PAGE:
Inside the V&A Museum’s “Africa Fashion” Exhibition in London

Words by Roni Omikorede

All images courtesy of the Victoria and Albert Museum, London

Clothing has the ability to tell stories and leave impressions of a person long after they have physically left a space, and it is the intersection of fashion and history that the Victoria and Albert Museum in London ambitiously presents with the new major exhibition “Africa Fashion”.

As one of the world’s leading art institutions, the V&A has been at the forefront of exhibiting masterpieces and culturally relevant artefacts throughout its 170-year history. However, its success is associated with the British colonialism in Africa that paved the way for the acquisition of many of the objects in its vast collection.

So, while it may be a little surprising to learn that “Africa Fashion” is the first exhibition at the museum to focus on the sartorial achievements of the continent, it is also not unexpected, when you consider the meteoric rise of music genres, literature and performing artists hailing from Africa over the past decade. Quite simply, everything coming out of Africa now is too big to ignore, and “Africa Fashion” is one of the way the museum is moving to acknowledge and bring a diverse range of voices into the institution.

Musicians such as Tiwa Savage and Wizkid and writers the likes of Chimamanda Ngozi Adichie and Yaa Gyasi have been great representations of their homelands’ creativity on the global stage, and it was only a matter of time before some attention was paid to the burgeoning fashion scene in Africa. “It is a moment of transition that marks the commitment that we have to celebrate African creativity across the board,” says Dr Christine Checinska, the V&A’s senior curator of Africa and diaspora fashion.

Under the curation of Checinska, “Africa Fashion” brings together hundreds of objects, clothing, photographs and sketches by 45 designers from more than 20 countries, spanning from the mid-20th century to today, showcasing the rich heritage and dynamic styles of African cultures.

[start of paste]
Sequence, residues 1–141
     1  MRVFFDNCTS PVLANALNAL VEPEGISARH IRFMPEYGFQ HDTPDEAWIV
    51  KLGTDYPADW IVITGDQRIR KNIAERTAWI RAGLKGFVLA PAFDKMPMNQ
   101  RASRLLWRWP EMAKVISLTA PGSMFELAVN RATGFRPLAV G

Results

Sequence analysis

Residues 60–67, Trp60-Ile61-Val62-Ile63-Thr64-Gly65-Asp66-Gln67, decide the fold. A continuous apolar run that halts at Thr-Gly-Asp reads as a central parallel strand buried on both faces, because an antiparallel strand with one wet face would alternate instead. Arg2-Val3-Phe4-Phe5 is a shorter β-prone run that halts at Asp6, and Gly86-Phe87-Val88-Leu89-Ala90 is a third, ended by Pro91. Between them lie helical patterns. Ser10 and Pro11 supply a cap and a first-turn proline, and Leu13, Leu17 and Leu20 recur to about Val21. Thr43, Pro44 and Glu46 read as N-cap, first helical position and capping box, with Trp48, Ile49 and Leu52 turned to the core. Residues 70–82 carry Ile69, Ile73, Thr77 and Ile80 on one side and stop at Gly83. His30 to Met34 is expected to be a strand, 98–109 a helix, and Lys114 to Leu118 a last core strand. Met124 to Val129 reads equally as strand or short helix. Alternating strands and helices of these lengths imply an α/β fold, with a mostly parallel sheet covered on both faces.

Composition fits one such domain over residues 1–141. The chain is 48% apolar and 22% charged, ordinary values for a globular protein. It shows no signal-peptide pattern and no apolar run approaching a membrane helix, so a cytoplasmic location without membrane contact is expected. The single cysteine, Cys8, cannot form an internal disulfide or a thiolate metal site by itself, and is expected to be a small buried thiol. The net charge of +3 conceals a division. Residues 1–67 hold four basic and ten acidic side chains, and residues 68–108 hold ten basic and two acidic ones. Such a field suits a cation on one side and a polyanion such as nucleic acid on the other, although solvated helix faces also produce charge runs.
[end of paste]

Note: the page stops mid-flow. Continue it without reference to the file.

From the offset, it is clear that the “Africa Fashion” exhibition is designed to take visitors on a sartorial journey through the past to the present day. Beginning with the foundations of the textile industry and a brief history of the traditional woven fabrics worn across the continent, the exhibition centers the people who blazed the trail that contemporary designers follow today. From prime minister Kwame Nkrumah wearing kente to announce Ghana’s independence from British rule in 1957 to Nigerian designer Shade Thomas-Fahm fitting the traditionally wrapped iro skirt with a zipper, sartorially historical moments are that have mostly gone under the global radar are spotlighted instead, many of them for the first time. Rounding out the first section of the exhibition are the works of creatives such as Kofi Ansah and Chris Seydou along with photographs of studio sessions and family portraits from the 1950s, 1960s and 1970s.

Taking the stairs to the upper level deposits the visitor into the current (and future) landscape of the African fashion scene. Modern designs from contemporary creatives such as South Africa’s MmusoMaxwell, Nigeria’s Orange Culture and Cameroonian-born Imane Ayissi show just how far African fashion has come, especially when it comes to politics, sustainability, gender or sexual identity. From Kenneth Ize’s intricate use of aso oke fabric and the gender-fluid creations of Rich Mnisi to the cowrie-shell headdresses of Ivorian artist Lafalaise Dion, each display is a celebration of both the individuality of self-expression and shared cultural connection that runs through African fashion.

More than two years in the making, the V&A’s curatorial team collaborated with photographers, stylists and industry experts from Africa and the diaspora, in an effort to ensure authenticity and to emphasize the voices of those at the center of African fashion. The results include “Who Dey Shake”, a short film by Nigerian photographer Lakin Ogunbanwo and Nataal media, inspired by traditional dance movements and the idea of performing for a camera. The idea was sparked by Checinska’s interest in movement and how clothing and adornment relates to identity through the performance of style.

“The concept made me think of ‘cultural day’ in Nigerian primary school and the energetic performance that always happens then. I also thought about the Bata dance stemming from Yoruba drumming traditions,” Ogunbanwo explains. “This story captures the joys of performing to the camera while showing off your finest African fashions. With sometimes ordinary, sometimes extravagant movements, the dancers communicate a feeling of confidence, satisfaction and elegance. And the magic of the moment is that, if you look closely, the clothes might just be dancing on their own.”

While a comprehensive look at the fashion of the African continent has long been overdue, according to Checinska, the existence of “Africa Fashion” and the way it tells the tales of history, culture and creativity through a sartorial lens are proof that late is indeed better than never.

“Africa Fashion” is on at the Victoria and Albert Museum in London from July 2 until April 16 2023